Mum-of-two plagued by 'suicide headaches' every night 'more painful than childbirth'

A MUM-of-two is plagued with nightly headaches so painful she claims it's worse than childbirth.

Megan Mackellar has what has been dubbed "suicide headaches" every day after a horrific accident when she was 11.

It took 13 years for the mum, from the Isle of Wight, so be diagnosed with the cluster headache.

They are often referred to as "suicide headaches", as the pain is so excruciating and can often lead to suicidal thoughts.

The 26-year-old had her first one age 11, when she came off a horse and was left unconscious.

The condition, also known as the "alarm clock headache" due to its severity, is said to affect one to two people per 1,000 of the UK population.

Megan said: “Growing up, I could have these cluster headaches up to six times a day, two hours long. But everyone assumed it was ‘just’ a headache.

“I went to the doctor and was repeatedly misdiagnosed and given the wrong medication, or inaccurately prescribed painkillers.

“The pain was so unbearable, like someone repeatedly shoving a hot poker into my eye socket, rummaging it around, then pulling it out.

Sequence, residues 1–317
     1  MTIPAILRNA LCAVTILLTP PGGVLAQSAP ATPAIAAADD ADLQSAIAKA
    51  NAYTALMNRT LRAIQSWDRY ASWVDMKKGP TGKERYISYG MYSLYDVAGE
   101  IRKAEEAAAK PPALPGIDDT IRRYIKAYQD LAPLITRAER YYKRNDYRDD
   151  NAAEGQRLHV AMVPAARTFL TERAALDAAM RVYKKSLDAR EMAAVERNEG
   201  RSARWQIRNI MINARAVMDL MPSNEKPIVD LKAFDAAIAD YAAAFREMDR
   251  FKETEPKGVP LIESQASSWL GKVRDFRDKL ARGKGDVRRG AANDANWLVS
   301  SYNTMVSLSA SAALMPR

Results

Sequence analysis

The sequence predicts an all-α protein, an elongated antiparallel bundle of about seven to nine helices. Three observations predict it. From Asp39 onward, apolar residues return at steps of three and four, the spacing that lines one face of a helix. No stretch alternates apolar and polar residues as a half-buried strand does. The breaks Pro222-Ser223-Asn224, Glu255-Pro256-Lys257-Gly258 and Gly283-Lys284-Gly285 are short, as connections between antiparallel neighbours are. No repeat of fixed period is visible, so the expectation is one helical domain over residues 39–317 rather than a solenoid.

“It affected every aspect of my life. I had to drop out of university and I had zero social life because I feared having an attack in public.

“I would rather pop out 50 kids without pain relief than suffer another cluster headache.

“I was so relieved to be diagnosed – but I wouldn’t want anyone else to suffer as I have.”

Megan was "horse mad" growing up, and would often ride her a pal’s horse, practicing jumping and cantering. 

But in 2006 Megan had a nasty accident, falling to the ground with such force, it knocked her unconscious.

She said: “It was just a normal weekend where I was practising some cantering and preparing for a jump over barrels. But next thing I knew, I was in agony waking up on the ground. 

“I’d fully come off, knocked myself out and knocked all my front teeth out. 

“I spent a few weeks in the children’s ward having all sorts of scans. I thought I’d lose my eye – due to a massive impact on my left cheek and eye socket – but luckily I didn’t.